2. The hidden talent dynamic will shift: According to technews.com, Peyton Manning and Jeff Saturday,the Colts’ quarterback and center, believe an 18-game season could work severely against undrafted rookies that are trying to make the team. Indianapolis is one of the league’s best at discovering overlooked and hidden talent, and could very well suffer from the advantages of pre-season rookie jubilees. Untested and unproven players will have fewer opportunities to showcase their talents in real games, and will therefore miss out on valuable roster positions.
3. The roster size will expand: As players become injured, strained, and fatigued, someone will have to fill the gaps, so we should anticipate larger drafting pools and a deeper dip into the well of new talent.
4. Network TV wars: This depends on how the NFL sorts out the bye weeks. They might altogether lose the bye weeks (in order to ratchet out a more fluid, regular season schedule), and fuse a schedule that lands games on Thursdays and Saturdays, which might cause the divorce rate to skyrocket. Does this mean we’re going to have more regular games going to cable coverage? It’s already a nasty smack against the blue collar Joes and Janes that can’t afford to watch ESPN for some Monday Night Football action. It just ain’t American.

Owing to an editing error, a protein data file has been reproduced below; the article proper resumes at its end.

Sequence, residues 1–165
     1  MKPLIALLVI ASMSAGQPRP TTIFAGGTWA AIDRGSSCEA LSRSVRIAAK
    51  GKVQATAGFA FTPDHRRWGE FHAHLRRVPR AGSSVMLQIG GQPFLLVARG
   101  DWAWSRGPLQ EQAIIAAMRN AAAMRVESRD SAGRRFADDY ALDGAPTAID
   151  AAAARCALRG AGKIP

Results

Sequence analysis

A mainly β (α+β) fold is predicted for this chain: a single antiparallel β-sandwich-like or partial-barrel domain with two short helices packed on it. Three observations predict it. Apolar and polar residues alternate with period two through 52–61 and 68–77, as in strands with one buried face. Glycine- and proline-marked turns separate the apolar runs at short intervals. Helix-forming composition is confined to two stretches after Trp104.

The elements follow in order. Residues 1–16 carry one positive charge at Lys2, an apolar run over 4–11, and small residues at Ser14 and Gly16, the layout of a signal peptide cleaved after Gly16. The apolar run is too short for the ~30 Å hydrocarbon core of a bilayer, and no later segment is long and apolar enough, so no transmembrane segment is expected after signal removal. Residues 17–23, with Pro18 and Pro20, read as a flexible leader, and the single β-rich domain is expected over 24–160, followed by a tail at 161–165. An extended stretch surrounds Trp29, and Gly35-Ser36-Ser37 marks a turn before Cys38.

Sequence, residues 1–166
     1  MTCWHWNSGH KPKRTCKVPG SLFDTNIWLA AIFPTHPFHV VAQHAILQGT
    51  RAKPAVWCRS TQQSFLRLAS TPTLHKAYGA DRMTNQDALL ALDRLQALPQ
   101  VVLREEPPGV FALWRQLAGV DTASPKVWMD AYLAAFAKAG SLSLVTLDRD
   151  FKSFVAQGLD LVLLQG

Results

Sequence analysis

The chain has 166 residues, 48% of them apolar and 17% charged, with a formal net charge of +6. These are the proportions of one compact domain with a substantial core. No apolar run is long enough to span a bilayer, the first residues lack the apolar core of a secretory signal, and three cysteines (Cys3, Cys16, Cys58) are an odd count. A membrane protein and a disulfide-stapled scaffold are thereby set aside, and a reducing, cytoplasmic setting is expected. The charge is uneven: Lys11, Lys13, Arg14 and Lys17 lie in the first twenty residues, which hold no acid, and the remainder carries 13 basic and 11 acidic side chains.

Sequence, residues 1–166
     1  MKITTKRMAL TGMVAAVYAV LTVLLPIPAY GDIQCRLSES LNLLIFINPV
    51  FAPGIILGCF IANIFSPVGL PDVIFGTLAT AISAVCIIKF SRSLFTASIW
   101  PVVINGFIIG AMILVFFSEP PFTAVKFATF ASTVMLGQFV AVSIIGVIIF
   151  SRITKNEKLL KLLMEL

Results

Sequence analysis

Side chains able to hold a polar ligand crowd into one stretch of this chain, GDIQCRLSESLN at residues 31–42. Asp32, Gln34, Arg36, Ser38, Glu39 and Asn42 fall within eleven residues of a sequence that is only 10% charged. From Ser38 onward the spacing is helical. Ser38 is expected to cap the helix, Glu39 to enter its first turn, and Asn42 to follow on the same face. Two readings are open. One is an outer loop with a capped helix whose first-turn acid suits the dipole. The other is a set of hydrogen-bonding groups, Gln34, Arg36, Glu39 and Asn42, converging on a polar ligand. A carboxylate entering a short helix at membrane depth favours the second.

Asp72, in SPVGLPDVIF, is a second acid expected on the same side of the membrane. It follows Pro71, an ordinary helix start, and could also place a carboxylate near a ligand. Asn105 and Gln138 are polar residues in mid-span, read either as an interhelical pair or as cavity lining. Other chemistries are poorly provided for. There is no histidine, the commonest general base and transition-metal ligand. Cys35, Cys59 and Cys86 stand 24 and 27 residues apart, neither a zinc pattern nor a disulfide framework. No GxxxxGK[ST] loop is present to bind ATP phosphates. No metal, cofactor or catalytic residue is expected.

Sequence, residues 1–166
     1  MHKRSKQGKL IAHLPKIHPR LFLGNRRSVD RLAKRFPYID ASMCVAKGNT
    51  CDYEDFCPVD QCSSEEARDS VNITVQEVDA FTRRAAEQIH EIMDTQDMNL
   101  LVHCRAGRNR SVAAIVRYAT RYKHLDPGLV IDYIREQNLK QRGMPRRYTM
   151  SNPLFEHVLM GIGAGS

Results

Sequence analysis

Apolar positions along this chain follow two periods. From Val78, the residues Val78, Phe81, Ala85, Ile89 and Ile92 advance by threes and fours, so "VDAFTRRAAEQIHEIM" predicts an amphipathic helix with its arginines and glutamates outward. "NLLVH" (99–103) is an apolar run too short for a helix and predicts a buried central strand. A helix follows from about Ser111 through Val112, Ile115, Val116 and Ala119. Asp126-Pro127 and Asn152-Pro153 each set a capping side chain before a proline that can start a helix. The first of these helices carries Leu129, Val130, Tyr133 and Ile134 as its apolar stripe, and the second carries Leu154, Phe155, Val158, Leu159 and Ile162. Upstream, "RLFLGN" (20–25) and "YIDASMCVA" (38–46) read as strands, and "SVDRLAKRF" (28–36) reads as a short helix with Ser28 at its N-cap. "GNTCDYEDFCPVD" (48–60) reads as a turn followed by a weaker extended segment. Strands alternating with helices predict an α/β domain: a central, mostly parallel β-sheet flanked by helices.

5. The NCAA might get angry: If games are pushed into Saturday, we’ll be watching two bloated, cumbersome, money-hogging juggernauts slapping each other upside the helmet for financial rights to the Saturday piece of football pie. Think about it. Texas/OU’s Red River Rivalry, or the Cowboy/Redskins game? Some fans will probably spontaneously explode, or fantasy football players won’t have enough time to scout players prior to their fantasy drafts.
6. Losing teams will hurt more financially: By the NFL’s statistics, 14 franchises didn’t make money or were in the red last year. Let’s imagine the Raider fans being asked to pick up a hike in revenue to cover the cost of two more games that nobody wants to attend. You tell them the news, because I’m not going to do it.
7. What about the (not so little) linemen?: Getting personal, Sean Bubin, a friend and former NFL lineman, spoke to me about the dregs of being on the line. Bubin was drafted in 2004 by the Jaguars, and he played for the Lions and Vikings before spending time abroad with the Hamburg Sea Devils for NFL Europe—he retired at the ripe old age of 26. “I seized up—I couldn’t bend my limbs anymore,” said Bubin. “It happens to a lot of us.” Medical News Today cites that the average NFL career length in 2008 was 4.6 years, and only 7% of players made it past Hines Ward’s magic double-digit number of 10 seasons in the league. We may say we’re paying NFL players a boatload of money, but when you waste your body away in four or five years, that money better be worth it. According to the Boston Globe, Bubin only made $360,000 in his final, one-year contract with the New England Patriots.
8. DUI incidents will rise: Okay, so I made this one up, but it sounded good. And I’ll probably be right.